# Tag Info

5

{OP:] It is usually said that fuel contains energy and that oxygen only enables the release of energy in the sense like enzymes enable reactions. An enzyme is a catalyst, so it does not change the enthalpy of a reaction. That part is correct. "Oxygen only enables the release of energy" is incorrect. Oxygen is one of the reactants, and the oxygen atoms also ...

1

This isn't best solution to this problem, as its usage would be quite limited, but nonetheless it is still a solution: using enzymes specific to the enantiomer you wish to remove. As an example, using enzymes specific for D-amino-acids would leave you with its L-counterpart untouched. They can then be separated as the "product" form of the D-amino-acid is ...

3

The radical monobromination of bicyclo[2.2.1] heptane could give $\ce{1}$ ,$\ce{2}$ and $\ce{3}$. However , $\ce{2}$ and $\ce{3}$ , are unstable .On observing $\ce{2}$ , planar radical at bridgehead is unstable due to angular strain introduced by planarity of radical at bridgehead . Similarly in $\ce{3}$ , due to angular strain introduced in to the ...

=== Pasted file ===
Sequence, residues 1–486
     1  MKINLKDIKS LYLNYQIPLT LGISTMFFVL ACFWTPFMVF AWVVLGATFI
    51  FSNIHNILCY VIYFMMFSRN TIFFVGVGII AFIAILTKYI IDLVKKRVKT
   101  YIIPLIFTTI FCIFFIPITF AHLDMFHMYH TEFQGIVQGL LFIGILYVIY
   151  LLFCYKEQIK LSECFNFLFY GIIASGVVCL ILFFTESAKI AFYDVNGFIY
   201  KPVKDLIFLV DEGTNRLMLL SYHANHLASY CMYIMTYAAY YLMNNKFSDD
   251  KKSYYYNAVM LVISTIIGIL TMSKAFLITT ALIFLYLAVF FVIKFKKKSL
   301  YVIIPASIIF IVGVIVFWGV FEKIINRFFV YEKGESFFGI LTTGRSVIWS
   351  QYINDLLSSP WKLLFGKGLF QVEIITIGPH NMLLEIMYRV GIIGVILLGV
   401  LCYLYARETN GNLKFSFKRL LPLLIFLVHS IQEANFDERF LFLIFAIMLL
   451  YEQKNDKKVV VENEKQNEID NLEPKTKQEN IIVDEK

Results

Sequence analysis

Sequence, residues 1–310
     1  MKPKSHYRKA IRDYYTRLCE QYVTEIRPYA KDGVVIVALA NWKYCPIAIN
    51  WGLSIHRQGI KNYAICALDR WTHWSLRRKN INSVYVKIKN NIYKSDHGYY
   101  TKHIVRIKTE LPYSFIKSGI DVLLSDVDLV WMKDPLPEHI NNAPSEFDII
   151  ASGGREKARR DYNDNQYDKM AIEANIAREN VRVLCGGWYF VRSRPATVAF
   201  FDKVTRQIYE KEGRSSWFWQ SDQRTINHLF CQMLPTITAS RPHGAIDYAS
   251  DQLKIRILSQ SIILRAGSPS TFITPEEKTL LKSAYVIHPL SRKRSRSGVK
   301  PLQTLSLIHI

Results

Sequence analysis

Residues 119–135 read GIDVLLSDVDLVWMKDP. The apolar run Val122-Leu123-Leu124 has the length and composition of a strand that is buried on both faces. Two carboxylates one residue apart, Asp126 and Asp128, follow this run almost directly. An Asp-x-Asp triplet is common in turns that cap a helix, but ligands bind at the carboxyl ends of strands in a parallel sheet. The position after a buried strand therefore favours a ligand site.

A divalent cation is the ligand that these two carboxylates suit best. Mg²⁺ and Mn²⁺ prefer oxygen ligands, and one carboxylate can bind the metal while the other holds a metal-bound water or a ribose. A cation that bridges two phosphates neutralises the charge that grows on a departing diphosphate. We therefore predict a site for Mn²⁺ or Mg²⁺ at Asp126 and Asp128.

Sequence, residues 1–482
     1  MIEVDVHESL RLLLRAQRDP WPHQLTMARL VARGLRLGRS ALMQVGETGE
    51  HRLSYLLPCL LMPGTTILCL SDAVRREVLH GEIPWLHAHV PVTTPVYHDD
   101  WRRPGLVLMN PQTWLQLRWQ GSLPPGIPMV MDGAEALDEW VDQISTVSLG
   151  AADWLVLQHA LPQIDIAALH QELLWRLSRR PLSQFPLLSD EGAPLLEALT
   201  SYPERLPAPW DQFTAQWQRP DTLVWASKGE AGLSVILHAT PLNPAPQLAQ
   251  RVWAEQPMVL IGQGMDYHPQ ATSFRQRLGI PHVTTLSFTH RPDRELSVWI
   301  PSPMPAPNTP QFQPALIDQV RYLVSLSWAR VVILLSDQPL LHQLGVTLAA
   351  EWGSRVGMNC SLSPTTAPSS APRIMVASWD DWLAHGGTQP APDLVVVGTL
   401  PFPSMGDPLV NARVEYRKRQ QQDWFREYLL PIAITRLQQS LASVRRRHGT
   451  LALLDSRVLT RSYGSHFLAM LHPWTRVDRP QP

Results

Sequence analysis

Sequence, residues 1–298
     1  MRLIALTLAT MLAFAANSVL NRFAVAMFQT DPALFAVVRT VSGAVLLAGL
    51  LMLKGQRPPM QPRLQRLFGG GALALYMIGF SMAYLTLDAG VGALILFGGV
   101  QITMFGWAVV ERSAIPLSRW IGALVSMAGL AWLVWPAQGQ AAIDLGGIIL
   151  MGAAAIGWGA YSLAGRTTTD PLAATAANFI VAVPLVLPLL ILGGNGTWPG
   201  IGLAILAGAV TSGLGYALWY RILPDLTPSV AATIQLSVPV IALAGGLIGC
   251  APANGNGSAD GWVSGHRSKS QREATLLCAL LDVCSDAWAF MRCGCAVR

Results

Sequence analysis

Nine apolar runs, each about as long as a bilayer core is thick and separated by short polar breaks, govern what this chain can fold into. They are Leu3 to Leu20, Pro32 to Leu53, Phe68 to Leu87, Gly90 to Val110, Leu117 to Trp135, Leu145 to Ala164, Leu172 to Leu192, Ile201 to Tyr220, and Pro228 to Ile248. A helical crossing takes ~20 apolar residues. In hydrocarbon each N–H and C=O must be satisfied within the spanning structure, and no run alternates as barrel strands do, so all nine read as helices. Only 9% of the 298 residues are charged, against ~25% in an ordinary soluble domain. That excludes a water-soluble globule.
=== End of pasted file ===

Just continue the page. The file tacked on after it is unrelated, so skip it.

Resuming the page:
0

Moffat & Pfitzner have accidentally found their famous oxidation while working on mono-nucleotides (acually 5'-phosphates). Breifly, when pyromidium thymidine-5'-O-phosphate was reacted with dicyclohexylcaebodiimide in anhydrous DMSO at room temperature resulted a violent reaction to give 90% of 5'-aldehyde product (Ref.1). They further pursued this ...

2

I have redrawn your two structures A and B in their most stable conformations. Note that A has all equatorial methyl groups while B has two equatorial groups and one that is axial. The estimated difference in the heats of formation and combustion is 1.8 kcal/mol, the same as the difference in energy between the equatorial and axial conformations of methyl ...

1

The following schematic (not meant to represent the actual changes in $H$) illustrates the problem: The first step (from leftmost reagents to middle products) represents the formation reaction (not balanced), the second step (from middle to oxidation products on the right) the combustion reaction. It pays to be careful using words such as "greater" or "...

3